Jacob Landau’s “Prophetic Quest” Stained Glass 

Reform Congregation Keneseth Israel (KI)

Korn Memorial Sanctuary

When Congregation Keneseth Israel (KI) moved to its new, Elkins Park campus in 1957 its ten massive sanctuary windows were ordinary glass. While stained glass was planned from the very beginning, the project was not realized until 1974. The following index of 27 separate entries details the story of that project as preserved in the collections of the Temple Judea Museum and the KI Archives. In particular, letters, meeting minutes and contracts allow us to witness the years long struggle of rabbinic leadership, dedicated volunteers, visionary artists and skilled craftsmen to complete this massive project.  Also included are materials collected after 1974, including published articles, essays and lectures. What becomes clear upon studying these materials is the dedication of all involved to bring this important and stunningly beautiful work of religious art to fruition, as well as the recognition from far and wide of the importance of this great work. 

We welcome researchers and requests for more detailed information. (215) 887-8700, ext. 416


NOTE: Each heading represents a separate collection in the Archive

Anniversary Exhibitions: 1995, 2014, 2015

Artists’ Statements

Benoit Gilsoul

Comic Book References

Dedication Ceremony

Docent Training


Exhibitions and Catalogues (related)

Hebrew Text in the Prophetic Quest 

History of the Project

Insurance Valuations (original)

Jacob Landau

Jacob Landau Institute and Partners

Legal Contracts


Lithograph Project

Local Stained Glass Windows: Planned Program 1995

Meeting Minutes: Planning Committee

Photographs, Transparencies, and DVD’s 

Prophets Portrayed in the Prophetic Quest 

Public Relations

Published Articles, Essays, & Lectures about the Prophetic Quest and the Artists

Quizzes for Young Students

Related Artwork in the Temple Judea Museum Collection

Scrapbook Projects

Viewers’ Guides to the Prophetic Quest 

Willet Studios


I remember the day I met with Rita Poley to find out if there would be an opportunity for me to volunteer for the Temple Judea Museum at Keneseth Israel (KI).  Rita asked if I would be interested in organizing an archive from all the years of accumulated materials that contained the history of the congregation’s Prophetic Quest stained glass windows, created by the artist, Jacob Landau. 

The purpose of the work would be to add this new archive to the KI web site.  I jumped at the chance.  My family had donated the Second Isaiah window, so this project would be near and dear to my heart.  Over the years, generations of caring and thoughtful KI members had amassed quite a comprehensive collection of material.  For months, I poured through letters, synagogue minutes, biblical references, biographic information about Jacob Landau, public relations articles, information about Willet Studios, photographs, and more.  It was utterly fascinating work.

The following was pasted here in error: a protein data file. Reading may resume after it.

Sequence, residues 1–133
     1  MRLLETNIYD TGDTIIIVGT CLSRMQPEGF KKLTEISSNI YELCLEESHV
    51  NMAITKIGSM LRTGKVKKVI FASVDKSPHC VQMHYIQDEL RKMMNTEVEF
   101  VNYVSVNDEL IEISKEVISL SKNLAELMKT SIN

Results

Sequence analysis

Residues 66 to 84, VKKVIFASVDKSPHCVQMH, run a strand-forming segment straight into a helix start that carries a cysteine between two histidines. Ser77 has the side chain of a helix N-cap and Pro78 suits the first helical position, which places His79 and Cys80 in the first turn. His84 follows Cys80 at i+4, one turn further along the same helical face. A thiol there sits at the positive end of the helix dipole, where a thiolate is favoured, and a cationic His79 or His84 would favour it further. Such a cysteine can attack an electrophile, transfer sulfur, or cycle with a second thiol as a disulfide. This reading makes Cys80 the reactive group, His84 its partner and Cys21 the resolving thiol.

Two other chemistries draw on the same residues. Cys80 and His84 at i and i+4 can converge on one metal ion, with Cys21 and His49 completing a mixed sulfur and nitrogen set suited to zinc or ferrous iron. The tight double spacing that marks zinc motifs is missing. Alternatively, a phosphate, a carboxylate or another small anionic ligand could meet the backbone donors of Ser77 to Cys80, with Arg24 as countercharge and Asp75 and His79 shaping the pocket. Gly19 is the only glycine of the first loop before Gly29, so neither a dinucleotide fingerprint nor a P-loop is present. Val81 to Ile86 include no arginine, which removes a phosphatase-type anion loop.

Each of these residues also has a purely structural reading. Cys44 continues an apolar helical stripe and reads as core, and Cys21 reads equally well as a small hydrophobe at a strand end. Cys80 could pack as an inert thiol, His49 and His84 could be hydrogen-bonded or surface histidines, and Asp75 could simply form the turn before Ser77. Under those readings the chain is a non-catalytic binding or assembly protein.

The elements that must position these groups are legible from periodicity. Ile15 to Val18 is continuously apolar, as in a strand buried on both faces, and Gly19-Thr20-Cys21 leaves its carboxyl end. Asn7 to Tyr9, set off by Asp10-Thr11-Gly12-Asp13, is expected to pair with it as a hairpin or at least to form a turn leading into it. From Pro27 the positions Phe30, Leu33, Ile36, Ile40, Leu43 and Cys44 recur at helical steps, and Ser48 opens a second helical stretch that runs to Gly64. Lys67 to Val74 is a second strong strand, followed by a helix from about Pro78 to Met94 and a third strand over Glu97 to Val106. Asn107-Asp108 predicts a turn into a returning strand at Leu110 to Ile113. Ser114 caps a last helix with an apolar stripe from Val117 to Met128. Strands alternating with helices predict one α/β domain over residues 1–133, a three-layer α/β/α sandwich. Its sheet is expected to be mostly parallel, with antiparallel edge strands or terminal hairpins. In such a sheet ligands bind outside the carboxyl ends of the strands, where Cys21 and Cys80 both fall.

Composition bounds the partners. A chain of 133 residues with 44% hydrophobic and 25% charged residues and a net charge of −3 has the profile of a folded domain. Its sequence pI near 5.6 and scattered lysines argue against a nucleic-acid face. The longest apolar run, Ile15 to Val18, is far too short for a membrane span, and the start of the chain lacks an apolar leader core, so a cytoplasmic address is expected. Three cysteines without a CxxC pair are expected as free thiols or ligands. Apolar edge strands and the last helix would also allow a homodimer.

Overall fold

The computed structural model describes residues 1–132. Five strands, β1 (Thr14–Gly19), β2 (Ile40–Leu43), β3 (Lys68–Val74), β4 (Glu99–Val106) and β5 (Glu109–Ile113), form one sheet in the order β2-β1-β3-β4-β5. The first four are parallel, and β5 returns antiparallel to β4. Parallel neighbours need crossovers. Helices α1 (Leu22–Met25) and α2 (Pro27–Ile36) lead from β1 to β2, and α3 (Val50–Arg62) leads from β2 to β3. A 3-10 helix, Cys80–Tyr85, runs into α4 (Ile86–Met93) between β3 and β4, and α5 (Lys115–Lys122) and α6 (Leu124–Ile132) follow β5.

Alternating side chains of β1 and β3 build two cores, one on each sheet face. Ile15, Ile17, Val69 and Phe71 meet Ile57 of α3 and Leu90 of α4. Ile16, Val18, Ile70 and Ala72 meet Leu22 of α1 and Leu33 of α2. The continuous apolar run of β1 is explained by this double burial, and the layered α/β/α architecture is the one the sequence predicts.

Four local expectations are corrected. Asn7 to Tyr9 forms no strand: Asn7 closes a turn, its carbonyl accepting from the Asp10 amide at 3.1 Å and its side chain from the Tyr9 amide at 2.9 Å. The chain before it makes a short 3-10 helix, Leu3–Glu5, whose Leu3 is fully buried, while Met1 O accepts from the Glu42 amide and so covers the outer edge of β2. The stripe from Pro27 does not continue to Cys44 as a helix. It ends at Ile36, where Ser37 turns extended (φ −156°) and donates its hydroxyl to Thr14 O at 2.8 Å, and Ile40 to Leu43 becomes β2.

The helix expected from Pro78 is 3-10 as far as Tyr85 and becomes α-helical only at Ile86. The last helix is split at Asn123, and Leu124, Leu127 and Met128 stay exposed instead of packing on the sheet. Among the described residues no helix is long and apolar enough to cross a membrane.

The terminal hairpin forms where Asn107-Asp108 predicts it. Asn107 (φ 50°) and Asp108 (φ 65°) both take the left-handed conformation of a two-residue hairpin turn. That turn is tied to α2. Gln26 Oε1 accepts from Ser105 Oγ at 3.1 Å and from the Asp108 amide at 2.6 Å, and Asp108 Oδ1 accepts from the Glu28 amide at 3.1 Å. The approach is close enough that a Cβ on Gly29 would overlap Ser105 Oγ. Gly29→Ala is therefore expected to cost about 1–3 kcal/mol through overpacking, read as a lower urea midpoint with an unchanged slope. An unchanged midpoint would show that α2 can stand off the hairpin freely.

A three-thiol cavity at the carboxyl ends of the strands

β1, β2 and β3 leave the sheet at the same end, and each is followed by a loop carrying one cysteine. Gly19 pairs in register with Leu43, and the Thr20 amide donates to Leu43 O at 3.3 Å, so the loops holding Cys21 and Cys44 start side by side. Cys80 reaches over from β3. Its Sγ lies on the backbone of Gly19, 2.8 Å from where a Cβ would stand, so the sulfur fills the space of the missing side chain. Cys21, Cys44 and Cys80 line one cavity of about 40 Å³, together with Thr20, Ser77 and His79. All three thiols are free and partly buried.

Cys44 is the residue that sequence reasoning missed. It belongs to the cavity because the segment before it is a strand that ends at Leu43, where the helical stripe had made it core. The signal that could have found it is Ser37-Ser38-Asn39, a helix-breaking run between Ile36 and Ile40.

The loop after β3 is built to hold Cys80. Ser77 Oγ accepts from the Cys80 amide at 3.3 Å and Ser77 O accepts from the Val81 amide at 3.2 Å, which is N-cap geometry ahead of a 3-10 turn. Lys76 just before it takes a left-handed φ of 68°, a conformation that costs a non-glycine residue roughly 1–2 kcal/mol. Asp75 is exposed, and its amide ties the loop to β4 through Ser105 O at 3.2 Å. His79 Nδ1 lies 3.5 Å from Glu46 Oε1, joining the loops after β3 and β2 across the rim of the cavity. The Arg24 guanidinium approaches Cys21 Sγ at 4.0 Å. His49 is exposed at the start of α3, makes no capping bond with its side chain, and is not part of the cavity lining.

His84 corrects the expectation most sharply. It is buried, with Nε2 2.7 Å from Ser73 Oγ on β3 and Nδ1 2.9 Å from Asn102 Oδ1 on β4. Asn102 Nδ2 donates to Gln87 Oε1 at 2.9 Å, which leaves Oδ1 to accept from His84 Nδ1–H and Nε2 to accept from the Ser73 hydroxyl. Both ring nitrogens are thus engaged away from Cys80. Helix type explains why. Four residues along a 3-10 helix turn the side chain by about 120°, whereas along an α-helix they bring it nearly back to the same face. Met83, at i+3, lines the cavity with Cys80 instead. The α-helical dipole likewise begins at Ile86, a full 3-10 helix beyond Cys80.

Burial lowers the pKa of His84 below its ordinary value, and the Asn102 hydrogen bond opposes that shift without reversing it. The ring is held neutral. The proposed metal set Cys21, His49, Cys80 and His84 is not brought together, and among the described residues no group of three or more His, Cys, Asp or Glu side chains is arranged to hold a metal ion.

I felt privileged to do my part to help make the Prophetic Quest story accessible to the public.  SLC


From the moment I arrived at Reform Congregation Keneseth Israel (KI) in the summer of 2001, I heard about “The Windows.” “Rabbi,” I was told, “the windows are gorgeous.” “Wait for the end of Yom Kippur,” I was assured, “the sun light pouring in through the windows is magnificent.”

I soon reached the same conclusion. It was true. I too was inspired by the magnificent colors, images, words and feeling of The Prophetic Quest. But then I began to ask myself, is the “prophetic quest” a quest for art for art’s sake? I knew enough about the prophets of Ancient Israel to know that their quest was not about the visual arts, but about the art of living a good life as individuals and as a society. The prophets believed that the transcendent source of justice, love, forgiveness and righteousness quested after them to be its messenger to the people of Israel.

Eventually, I found myself searching for answers about the windows. Who was Jacob Landau? Why did KI choose him? What did the congregation and Rabbi Bertram Korn think about prophetic Judaism and Landau’s proposed visual interpretations? Just as others have looked at, questioned and studied Landau’s Quest, I embarked on my own prophetic quest, a journey which has been engaging, inspiring and sometimes surprising.  Hopefully, this new archival project will help those who access it to “open the windows” of Jacob Landau and appreciate them as art and as a moral and religious challenge! Rabbi Lance J. Sussman, Ph.D